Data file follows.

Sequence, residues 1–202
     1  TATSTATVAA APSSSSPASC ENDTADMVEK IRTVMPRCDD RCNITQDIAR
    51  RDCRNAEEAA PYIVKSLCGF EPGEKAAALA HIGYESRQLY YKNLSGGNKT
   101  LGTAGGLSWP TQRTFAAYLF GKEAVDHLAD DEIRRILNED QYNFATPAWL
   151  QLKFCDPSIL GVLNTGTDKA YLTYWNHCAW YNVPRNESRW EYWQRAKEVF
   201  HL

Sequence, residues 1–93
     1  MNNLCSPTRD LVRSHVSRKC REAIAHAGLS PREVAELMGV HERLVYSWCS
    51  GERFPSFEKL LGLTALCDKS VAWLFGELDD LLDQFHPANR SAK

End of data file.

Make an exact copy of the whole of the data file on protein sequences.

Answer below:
Sequence, residues 1–202
     1  TATSTATVAA APSSSSPASC ENDTADMVEK IRTVMPRCDD RCNITQDIAR
    51  RDCRNAEEAA PYIVKSLCGF EPGEKAAALA HIGYESRQLY YKNLSGGNKT
   101  LGTAGGLSWP TQRTFAAYLF GKEAVDHLAD DEIRRILNED QYNFATPAWL
   151  QLKFCDPSIL GVLNTGTDKA YLTYWNHCAW YNVPRNESRW EYWQRAKEVF
   201  HL

Sequence, residues 1–93
     1  MNNLCSPTRD LVRSHVSRKC REAIAHAGLS PREVAELMGV HERLVYSWCS
    51  GERFPSFEKL LGLTALCDKS VAWLFGELDD LLDQFHPANR SAK